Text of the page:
Friday, 13 December 2013

The Mill Tea Rooms (at the Gower Heritage Centre)

City life gets hectic sometimes (even if it is just Swansea), so I like to take a trip to the Gower for some food now and again. And The Mill Tea Rooms - the cafe at the Gower Heritage Centre - is one out-of-town eatery I've been meaning to review for some time.


This is what you are looking out for.

I finally visited the heritage centre earlier this year (for Pirate Week I believe) and decided to have some food (as you do when you've seen a pirate). Despite my premonitions of a few soggy sandwiches, I was happy to be presented with a pretty extensive menu. From Welsh classics like cawl and rarebit, to burgers, breakfasts and curry, the cafe has more choice than you may expect.

After you've gained entry, head for this little gem!

The first time I visited I opted for a burger, and have done ever since. The amount of food you get is reassuringly satisfying, with an abundance of chips, along with a small salad and a generous helping of coleslaw. 

A hearty amount of food!

Now, the first two times I ordered the burger I loved the quality of the meat - a big patty, which was thick and juicy, with a crispy pan-fried texture. Unfortunately on my most recent visit - the one when I decided to review the place - I was a little disappointed with the burger, which I found was quite dry and a little smaller than usual. It felt out of place in the big granary bun! To be fair, in the past they have been one of the best burgers I've had in Swansea. I'll be curious to see what the burger is like next time (even though I should probably branch out and try a different dish...).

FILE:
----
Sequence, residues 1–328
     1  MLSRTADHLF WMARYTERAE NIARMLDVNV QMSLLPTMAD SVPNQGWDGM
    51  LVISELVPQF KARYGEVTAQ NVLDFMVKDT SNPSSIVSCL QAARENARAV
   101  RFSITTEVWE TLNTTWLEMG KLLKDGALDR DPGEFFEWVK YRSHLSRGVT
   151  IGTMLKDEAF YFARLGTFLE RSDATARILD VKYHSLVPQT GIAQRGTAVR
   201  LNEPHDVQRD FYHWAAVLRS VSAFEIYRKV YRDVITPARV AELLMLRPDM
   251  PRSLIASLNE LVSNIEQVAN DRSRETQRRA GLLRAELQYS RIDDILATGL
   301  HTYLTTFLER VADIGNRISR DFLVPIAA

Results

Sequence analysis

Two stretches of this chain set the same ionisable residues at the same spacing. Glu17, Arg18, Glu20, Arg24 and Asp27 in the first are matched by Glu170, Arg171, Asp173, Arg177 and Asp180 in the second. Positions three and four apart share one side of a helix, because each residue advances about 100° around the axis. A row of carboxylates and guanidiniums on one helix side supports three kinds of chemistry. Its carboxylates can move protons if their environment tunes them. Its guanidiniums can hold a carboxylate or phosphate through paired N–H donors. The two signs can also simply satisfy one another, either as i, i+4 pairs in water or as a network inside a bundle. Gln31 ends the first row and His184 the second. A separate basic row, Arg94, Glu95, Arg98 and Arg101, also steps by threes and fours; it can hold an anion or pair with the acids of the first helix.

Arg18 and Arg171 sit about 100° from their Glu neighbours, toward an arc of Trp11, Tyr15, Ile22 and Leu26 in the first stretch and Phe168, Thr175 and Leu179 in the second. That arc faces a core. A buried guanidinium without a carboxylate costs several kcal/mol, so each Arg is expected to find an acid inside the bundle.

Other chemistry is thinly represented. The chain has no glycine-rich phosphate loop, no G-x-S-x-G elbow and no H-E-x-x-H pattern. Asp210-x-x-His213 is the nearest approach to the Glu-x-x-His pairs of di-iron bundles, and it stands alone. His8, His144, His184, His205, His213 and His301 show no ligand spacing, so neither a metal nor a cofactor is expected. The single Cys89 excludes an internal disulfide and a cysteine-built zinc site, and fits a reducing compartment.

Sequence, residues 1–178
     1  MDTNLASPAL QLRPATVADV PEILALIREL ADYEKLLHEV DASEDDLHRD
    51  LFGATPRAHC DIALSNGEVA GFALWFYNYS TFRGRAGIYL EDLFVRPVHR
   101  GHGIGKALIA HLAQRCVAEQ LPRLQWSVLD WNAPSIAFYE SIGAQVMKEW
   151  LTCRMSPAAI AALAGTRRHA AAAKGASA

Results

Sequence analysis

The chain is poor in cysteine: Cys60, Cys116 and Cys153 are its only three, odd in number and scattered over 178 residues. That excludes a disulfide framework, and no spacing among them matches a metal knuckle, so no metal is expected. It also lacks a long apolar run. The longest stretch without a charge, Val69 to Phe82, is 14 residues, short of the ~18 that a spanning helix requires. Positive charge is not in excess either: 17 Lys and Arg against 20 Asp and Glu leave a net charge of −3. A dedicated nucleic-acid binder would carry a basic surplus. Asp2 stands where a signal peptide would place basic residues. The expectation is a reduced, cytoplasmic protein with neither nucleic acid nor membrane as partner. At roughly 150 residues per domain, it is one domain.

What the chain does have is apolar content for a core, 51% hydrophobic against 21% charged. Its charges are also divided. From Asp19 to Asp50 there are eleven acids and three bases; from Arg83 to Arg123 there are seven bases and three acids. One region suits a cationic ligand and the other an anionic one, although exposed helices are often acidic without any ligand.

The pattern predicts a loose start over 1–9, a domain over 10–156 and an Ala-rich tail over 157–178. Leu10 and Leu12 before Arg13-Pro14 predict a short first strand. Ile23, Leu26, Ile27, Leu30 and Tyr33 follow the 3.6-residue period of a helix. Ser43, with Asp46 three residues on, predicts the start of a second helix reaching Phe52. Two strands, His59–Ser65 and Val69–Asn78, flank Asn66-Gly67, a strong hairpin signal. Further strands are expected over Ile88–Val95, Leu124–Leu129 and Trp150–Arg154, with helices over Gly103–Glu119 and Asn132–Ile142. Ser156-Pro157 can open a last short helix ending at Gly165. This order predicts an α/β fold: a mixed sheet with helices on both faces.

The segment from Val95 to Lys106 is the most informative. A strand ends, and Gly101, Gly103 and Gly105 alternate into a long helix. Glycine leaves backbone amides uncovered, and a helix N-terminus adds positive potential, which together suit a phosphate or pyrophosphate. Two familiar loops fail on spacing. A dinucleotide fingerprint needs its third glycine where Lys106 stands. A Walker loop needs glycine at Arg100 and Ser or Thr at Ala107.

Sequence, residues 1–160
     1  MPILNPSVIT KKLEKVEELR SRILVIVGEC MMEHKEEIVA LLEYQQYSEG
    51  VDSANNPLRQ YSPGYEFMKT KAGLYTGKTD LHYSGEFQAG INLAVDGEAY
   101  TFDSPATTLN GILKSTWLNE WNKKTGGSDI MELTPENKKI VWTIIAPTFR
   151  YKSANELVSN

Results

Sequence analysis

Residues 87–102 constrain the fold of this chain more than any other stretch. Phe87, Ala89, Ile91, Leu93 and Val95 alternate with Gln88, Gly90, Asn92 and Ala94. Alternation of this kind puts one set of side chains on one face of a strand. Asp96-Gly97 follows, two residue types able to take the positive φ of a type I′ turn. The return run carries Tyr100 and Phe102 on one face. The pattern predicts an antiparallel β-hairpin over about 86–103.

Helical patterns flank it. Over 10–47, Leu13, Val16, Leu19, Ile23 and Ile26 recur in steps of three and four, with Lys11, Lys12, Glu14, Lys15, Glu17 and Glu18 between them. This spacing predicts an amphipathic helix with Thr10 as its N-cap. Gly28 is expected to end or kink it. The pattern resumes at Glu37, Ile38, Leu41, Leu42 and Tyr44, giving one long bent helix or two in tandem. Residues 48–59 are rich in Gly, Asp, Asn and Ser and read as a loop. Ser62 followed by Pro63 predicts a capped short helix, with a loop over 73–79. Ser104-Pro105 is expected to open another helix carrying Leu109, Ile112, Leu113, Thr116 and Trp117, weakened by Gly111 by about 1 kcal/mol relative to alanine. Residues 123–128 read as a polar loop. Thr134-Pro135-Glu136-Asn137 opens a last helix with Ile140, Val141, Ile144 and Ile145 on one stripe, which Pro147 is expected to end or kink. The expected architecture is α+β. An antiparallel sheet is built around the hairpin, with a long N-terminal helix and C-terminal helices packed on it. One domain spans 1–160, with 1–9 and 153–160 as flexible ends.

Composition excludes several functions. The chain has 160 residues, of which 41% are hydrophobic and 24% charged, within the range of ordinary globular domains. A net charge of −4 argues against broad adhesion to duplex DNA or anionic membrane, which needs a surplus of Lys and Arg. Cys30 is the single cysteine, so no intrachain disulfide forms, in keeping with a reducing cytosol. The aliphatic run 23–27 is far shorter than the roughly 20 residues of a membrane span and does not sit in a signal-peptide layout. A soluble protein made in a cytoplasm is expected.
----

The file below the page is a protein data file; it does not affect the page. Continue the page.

My dining partners on this occasion had the cawl, which was - again - very generously portioned, served with a nice roll and butter. The burger is £7.50 and the cawl was £5.95, while a coffee will cost you around £2.30.

You eat in a cosy little space, which is never too busy. The decor is very traditional, with wood panelling, simple table and chairs, and an array of framed pictures depicting scenes of the Gower. One thing I really appreciate there is the microwave, which is free to use. Many is the time I order a coffee with my meal and realise I don't actually want to drink it until after my food. Step in the microwave, which allowed me to rectify my mistake and warm up my coffee!

Cosy.

I also like the inclusion of a free water dispenser, which makes a change from having to ask "can I have a glass of tap water" at the end of every order. And while we are on the topic of drinks, the cafe sells an array of local bottled beers and other delicacies (such as locally-produced chocolates) to enjoy with your meal or to take home.

So all in all you may agree that this is a brilliant little find. The only catch? You have to pay to get in, as it's bang in the middle of the Gower Heritage Centre. I have an annual season pass (sensibly priced at £32 for a couple - worth it if you plan on visiting a few times a year), otherwise it will cost you around £7 per person.

In return for your money, not only do you get to visit a nice little cafe, you can enjoy an array of demonstrations (wood turning, blacksmiths, and so on) as well as the animal centre, to see some lovely little chickens, lambs and goats. Well worth the trip!

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